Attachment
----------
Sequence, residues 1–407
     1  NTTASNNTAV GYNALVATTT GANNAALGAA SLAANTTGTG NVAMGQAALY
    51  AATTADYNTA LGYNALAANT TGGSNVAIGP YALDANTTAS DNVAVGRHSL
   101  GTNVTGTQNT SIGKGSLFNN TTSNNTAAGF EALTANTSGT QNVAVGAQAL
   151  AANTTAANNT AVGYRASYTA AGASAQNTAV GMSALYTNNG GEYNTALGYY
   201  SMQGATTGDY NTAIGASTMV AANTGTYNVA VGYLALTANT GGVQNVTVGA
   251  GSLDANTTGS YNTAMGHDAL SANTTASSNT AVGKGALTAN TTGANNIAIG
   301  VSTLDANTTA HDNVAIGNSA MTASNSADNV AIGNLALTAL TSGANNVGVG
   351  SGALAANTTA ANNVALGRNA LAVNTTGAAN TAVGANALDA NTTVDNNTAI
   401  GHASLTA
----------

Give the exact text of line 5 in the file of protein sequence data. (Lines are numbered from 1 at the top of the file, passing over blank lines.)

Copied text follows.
   151  AANTTAANNT AVGYRASYTA AGASAQNTAV GMSALYTNNG GEYNTALGYY